Conclusion: The results suggest that massage therapy is an effective form of treatment for piriformis syndrome.

The Affects of Massage Therapy on Pain Associated with Spinal Cord Injury: A Full Body Approach

Honorable Mention
Meghan Reid
Canadian College of Massage and Hydrotherapy, Halifax

Objective: This study was performed to explore the effects of Massage Therapy for the purpose of improving pain associated with a spinal cord injury.

Methods: The candidate for this case study was chosen based on his diagnosis of an incomplete spinal cord lesion resulting in contracture formation, decreased range of motion, spasticity, and muscle imbalances’ ultimately resulting in chronic pain.   A treatment plan was created using both General Swedish Massage techniques and non- Swedish Massage Techniques following a full body approach. One hour Massage Therapy treatments occurred biweekly for a five week period in which the Visual Analogue Pain scale was used to monitor the patient’s pain levels before, during, and after each Massage Therapy treatment.

Results: Within the first five treatments the candidate had begun to notice a decrease in pain, spasticity, shaking of the lower limbs at night and better sleep patterns.  By the end of the tenth treatment the candidate had improved balance and gait, as well as decreased (almost eliminated) spasticity and shaking in the lower limbs at night. Final results using the Visual Analogue Pain Scale showed an average decrease in pain of 34% over the five weeks of treatment.

Conclusion: The outcome of this study suggests that the application of Massage Therapy is an effective modality in reducing pain associated with spinal cord injuries.


The Effects of Massage Therapy on Thoracic Outlet Syndrome

Gold Award
Mary Wakefield
New Zealand College of Massage, Aukland, NZ

Background: Thoracic outlet syndrome (TOS) refers to a group of conditions resulting from compression of the neurovascular structures of the thoracic outlet. Traditional choice of treatment has been surgical intervention rather than physical therapy. Complementary treatment for TOS includes myofascial release, joint manipulation, trigger point therapy, muscle strengthening and stretching. This case study examined the effects of neuromuscular therapy (NMT), massage and other manual therapies in a subject with TOS.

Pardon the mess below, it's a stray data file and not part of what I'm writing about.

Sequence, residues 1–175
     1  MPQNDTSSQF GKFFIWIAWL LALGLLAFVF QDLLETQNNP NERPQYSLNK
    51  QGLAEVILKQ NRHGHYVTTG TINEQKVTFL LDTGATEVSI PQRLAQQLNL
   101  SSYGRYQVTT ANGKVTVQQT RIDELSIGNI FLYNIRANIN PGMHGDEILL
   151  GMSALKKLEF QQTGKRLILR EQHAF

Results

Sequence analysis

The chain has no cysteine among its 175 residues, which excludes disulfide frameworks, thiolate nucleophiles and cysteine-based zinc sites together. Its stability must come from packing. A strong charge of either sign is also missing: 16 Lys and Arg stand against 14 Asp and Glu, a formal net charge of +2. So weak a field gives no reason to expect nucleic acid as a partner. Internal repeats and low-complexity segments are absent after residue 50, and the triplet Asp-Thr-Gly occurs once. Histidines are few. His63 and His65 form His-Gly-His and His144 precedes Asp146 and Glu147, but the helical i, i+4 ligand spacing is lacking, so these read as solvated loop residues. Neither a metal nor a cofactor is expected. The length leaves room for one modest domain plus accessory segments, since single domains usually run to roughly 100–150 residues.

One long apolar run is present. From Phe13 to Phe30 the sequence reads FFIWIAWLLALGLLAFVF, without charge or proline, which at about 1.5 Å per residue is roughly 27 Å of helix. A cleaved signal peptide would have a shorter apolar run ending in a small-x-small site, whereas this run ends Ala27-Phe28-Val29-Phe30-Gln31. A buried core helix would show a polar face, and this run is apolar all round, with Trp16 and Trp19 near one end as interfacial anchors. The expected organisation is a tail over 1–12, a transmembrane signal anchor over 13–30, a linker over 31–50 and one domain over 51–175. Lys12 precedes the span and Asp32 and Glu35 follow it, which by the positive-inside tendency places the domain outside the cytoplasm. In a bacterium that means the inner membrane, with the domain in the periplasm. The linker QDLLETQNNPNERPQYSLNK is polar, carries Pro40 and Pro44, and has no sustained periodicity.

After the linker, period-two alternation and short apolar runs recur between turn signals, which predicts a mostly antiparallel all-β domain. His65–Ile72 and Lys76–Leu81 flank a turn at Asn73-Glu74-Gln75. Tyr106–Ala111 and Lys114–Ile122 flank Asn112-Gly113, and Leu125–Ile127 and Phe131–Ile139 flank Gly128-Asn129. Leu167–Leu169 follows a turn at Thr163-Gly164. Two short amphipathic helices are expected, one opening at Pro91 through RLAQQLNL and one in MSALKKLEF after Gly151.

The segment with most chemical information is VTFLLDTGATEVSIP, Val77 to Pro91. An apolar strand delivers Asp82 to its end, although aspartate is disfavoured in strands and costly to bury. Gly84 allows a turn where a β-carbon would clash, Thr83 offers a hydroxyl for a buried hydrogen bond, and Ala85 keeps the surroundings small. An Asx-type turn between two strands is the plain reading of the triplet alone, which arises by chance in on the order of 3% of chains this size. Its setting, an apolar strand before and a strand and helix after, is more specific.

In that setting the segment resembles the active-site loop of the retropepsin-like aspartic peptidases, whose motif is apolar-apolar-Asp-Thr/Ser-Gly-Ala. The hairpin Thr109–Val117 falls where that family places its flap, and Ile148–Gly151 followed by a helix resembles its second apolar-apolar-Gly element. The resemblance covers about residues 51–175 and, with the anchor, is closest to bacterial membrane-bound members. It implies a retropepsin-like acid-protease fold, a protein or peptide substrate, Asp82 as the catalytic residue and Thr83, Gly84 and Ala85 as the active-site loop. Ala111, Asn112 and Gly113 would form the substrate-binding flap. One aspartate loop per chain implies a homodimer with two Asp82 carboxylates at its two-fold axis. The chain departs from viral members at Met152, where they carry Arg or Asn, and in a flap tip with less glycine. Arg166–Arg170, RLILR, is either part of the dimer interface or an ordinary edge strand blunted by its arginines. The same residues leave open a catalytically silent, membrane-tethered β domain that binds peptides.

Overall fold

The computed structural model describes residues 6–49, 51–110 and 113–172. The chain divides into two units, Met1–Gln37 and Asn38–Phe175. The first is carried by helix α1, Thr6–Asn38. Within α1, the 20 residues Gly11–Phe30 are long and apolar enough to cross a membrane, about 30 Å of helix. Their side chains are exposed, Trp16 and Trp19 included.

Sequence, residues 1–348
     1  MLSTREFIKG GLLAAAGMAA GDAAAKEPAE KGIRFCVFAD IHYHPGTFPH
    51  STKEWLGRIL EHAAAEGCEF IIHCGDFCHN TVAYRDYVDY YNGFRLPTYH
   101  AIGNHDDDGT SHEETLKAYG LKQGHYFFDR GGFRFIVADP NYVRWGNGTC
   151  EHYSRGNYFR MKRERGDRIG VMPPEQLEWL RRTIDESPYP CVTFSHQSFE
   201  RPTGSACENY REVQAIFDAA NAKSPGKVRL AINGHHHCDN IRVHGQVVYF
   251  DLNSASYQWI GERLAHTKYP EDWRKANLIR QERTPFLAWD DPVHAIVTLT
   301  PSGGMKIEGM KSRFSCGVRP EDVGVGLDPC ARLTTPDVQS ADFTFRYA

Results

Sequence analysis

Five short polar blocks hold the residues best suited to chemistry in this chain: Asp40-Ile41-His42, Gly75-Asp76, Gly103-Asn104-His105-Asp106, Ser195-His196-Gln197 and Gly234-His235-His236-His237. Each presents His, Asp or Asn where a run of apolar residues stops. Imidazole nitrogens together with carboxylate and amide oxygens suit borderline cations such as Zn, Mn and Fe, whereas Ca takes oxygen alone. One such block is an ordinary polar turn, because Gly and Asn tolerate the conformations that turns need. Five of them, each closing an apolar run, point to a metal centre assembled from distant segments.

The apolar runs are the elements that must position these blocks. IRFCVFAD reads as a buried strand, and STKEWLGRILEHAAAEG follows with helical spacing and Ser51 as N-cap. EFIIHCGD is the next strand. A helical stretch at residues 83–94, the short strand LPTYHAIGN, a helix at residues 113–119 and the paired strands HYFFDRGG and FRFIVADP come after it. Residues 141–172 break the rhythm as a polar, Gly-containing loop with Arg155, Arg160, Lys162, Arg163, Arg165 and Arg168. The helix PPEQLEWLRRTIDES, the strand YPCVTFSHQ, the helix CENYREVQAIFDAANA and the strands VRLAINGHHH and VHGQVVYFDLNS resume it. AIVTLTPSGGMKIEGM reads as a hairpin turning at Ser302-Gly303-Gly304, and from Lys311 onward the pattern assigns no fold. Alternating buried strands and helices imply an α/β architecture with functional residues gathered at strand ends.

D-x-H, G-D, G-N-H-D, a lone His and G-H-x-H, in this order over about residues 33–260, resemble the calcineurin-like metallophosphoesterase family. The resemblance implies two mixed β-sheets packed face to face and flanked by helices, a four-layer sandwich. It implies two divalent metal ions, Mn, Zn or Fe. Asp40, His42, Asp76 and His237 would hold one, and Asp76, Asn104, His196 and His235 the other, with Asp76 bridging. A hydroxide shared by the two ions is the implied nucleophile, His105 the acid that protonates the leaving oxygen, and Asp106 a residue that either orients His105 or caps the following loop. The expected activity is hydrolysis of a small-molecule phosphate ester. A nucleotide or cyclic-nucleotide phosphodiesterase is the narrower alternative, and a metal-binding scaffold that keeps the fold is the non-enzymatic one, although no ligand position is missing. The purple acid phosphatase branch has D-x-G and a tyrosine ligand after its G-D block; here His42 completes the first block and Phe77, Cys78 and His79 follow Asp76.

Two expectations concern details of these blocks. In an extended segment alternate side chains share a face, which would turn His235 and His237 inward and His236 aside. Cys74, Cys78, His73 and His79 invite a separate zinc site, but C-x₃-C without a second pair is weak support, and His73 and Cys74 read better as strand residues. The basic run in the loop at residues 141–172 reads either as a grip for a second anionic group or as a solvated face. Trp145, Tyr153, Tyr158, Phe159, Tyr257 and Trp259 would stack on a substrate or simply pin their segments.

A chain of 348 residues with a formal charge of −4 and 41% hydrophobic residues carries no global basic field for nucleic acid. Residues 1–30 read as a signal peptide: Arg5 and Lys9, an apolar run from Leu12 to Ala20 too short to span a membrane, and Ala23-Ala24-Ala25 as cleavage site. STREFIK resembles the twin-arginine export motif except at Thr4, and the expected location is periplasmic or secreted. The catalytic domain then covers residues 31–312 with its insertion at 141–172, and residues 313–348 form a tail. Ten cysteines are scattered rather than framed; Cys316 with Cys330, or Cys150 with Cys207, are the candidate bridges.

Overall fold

Methods: Six sessions of therapy were performed over eight weeks. Following assessment an individualized treatment plan that included myofascial release, joint mobilization, trigger point therapy and breathing education was undertaken.Objective measurements included range of movement (ROM), Adson’s and Roos tests. Measure your own medical outcome profile (MYMOP2) a subjective patient generated measure of clinical outcome was used to measure clinical change.

Results: Clinically significant symptomatic improvement and increased cervical spine and shoulder range of movement resulted.

Conclusion: Massage was an effective choice of treatment in the management of a subject with thoracic outlet syndrome.

Investigating the Effect of Massage Therapy on Phantom Limb Sensation and Pain on a Double Amputee

Honorable Mention
Raeann Lisiecki
Lambton College, Sarnia, Ontario

Objective: The purpose of this case report was to observe the effects of massage therapy on phantom limb pain. Massage therapy was provided to a client withdouble above-the-knee amputations as a way to relieve the constant phantom limb sensations she experienced, as well as to decrease the occurrence of her phantom limb pain.